More than seven kilometres of fine white sand and calm transparent waters with a rolling slope that makes it shallow for hundreds of yards, make this one of the prettiest and safest beaches on the island. Water sports and other activities are available.
From June to September there is a free entertainment programme laid on for kids and adults, and full beach amenities: spas, cafes, toilets and showers.
The busiest part stretches from the marina promenade all the way to Ciudad Blanca, where the canal acts as a natural barrier between this and the next beach, which is remarkably unspoiled
Cala Poncet and Aucanada
Cala Poncet is a small hidden treasure where time seems to stand still. Its seabed is a combination of sand, rock and large expanses of Oceanic Posidonia, the local protected algae, largely responsible for that quintessential Mediterranean blue.
Alcanada beach is nearby, exquisite and rather unusual, with large boulders, a small pine forest and a sandy seabed. It takes its name from the islet of Alcanada, with its pretty lighthouse, a landmark on this beautiful part of the Alcudia coastline.
The beaches of Sant Joan and Sant Pere
These two small beaches on the southern side of the Bay of Pollensa are almost identical; soft white sand dotted with native vegetation and enclosed within rocky coves. They have a particular charm that attracts local residents and visitors looking for a peaceful haven with stunning panoramic views. Depending on the whims of the wind and weather its waters can be calm and clear or wavy and playful.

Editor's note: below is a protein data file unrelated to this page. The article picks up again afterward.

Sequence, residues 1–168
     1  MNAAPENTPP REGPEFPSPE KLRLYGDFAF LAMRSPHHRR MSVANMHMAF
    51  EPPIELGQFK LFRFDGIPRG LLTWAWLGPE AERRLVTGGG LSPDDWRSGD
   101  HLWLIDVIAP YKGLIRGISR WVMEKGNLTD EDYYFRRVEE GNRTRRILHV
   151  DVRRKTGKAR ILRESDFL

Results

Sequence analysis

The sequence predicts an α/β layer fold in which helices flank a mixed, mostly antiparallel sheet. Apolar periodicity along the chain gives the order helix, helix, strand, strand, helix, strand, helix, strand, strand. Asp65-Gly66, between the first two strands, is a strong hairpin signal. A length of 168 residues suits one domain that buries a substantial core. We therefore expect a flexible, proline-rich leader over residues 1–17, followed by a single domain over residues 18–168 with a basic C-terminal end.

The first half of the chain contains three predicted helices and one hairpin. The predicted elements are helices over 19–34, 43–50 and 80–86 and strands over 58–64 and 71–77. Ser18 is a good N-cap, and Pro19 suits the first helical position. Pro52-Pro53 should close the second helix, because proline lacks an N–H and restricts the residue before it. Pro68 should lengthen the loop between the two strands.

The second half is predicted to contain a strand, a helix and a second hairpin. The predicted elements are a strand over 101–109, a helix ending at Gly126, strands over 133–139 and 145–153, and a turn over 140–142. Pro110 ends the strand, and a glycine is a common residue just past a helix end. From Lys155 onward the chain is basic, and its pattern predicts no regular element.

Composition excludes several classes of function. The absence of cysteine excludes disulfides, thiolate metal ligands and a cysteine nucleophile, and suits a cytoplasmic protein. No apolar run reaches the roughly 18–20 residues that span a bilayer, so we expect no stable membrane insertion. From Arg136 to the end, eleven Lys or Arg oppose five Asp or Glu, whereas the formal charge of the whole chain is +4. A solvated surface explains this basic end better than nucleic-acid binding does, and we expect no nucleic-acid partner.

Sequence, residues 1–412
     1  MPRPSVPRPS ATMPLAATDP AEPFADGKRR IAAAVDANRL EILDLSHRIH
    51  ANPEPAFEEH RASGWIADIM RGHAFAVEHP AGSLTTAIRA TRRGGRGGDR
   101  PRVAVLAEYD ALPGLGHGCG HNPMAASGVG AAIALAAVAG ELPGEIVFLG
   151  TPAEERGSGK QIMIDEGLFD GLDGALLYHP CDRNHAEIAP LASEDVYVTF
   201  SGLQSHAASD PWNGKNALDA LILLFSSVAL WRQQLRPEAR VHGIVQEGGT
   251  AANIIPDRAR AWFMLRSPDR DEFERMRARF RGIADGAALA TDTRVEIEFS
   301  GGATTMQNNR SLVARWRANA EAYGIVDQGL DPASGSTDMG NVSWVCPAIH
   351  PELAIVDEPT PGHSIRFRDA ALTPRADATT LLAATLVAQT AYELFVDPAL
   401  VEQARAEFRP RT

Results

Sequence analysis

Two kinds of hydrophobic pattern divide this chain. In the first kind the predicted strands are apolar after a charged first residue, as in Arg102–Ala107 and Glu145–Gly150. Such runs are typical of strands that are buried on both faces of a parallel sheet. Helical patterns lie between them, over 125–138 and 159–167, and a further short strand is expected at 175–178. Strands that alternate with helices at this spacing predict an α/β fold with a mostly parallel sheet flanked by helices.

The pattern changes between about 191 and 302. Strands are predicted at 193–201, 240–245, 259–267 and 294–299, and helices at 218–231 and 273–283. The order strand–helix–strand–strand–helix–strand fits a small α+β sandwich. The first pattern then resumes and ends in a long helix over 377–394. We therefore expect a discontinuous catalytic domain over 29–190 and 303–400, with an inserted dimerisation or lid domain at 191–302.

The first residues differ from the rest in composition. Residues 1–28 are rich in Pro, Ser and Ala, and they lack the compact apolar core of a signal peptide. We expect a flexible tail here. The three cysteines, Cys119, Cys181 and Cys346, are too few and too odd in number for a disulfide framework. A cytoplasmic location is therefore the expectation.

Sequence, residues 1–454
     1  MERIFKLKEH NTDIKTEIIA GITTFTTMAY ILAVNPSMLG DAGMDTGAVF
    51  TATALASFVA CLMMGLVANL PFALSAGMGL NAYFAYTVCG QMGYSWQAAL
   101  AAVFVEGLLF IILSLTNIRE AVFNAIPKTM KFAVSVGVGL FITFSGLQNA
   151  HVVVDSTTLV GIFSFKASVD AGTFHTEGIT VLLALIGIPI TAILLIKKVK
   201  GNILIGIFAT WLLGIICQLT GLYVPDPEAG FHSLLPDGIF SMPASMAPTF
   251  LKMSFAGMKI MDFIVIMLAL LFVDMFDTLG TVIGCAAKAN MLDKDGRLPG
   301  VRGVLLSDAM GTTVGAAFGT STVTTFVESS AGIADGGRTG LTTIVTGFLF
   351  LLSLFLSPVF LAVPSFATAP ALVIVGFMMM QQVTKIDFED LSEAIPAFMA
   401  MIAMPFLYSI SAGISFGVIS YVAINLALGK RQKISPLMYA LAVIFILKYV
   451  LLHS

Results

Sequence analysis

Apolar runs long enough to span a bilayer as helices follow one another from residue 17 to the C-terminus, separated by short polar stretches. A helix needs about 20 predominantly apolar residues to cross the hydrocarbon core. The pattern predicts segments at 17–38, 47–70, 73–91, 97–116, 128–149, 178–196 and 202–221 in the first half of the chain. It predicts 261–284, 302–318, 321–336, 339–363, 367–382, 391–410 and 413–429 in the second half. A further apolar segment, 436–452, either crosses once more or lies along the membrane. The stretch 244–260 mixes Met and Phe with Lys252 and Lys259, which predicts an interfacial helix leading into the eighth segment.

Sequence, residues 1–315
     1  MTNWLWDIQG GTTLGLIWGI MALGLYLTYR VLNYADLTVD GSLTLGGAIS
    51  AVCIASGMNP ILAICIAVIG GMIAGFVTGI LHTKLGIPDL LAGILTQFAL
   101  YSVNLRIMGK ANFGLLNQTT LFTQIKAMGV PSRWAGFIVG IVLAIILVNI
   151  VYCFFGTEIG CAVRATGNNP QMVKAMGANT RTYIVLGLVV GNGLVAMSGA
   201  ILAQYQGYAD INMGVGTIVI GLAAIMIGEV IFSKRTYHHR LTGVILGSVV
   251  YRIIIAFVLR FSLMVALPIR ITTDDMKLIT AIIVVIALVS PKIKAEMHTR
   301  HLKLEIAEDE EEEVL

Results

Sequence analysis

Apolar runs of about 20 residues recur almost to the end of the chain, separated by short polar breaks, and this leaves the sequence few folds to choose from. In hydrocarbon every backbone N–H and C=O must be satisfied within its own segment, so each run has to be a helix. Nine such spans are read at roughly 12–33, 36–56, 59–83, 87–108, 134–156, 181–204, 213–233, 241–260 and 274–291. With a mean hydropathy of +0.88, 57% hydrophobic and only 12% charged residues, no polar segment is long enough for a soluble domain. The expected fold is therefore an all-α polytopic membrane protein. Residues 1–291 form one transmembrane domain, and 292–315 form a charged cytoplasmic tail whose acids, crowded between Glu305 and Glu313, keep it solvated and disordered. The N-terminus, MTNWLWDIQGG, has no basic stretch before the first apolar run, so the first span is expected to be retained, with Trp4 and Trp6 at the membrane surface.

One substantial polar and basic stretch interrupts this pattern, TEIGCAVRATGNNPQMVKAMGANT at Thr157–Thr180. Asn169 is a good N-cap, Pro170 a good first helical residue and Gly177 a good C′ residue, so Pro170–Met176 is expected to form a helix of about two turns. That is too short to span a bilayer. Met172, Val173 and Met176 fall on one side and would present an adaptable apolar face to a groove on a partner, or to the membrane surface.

The Marina, the Morer Vermell and Can Cap de Bou
Following the contour of the Bay of Pollença, the coastline in these areas still retains the charm of a time gone by. Without the need for large extensions of sand, it enjoys a timeless appeal that the local population enjoys. You will find peaceful corners here that invite conversation and rest.
Can Cap de Bou is the windy area at the edge of the l'Albufereta Nature Reserve, in the middle of the bay - popular with sailing, windsurfing and kitesurfing enthusiasts. If you take the Bay road from Port de Pollensa to Alcudia you are sure to see their colourful kites pirouetting in the sky.
There aren’t many places where you can move between the mountains and the sea as seamlessly as on the Victoria Peninsula. Halfway to the Hermitage you will begin to see small coves etched into the rocky coastline, one after the other, until you reach S’Illot, the most magnificent of them all.
This is about as close to paradise as you get; turquoise waters lapping against a pebbled beach, the sea lush with marine life and incredibly, it is often empty. It is an excellent spot for snorkelling, diving and canoeing.
Coll Baix is unique, one of the most unspoiled beaches on the island, and a wonderful place for those looking for nature at its most raw and beautiful. You can only get here by boat or on foot, via a steep narrow path. The sand is golden and the water an amazing hue of blue.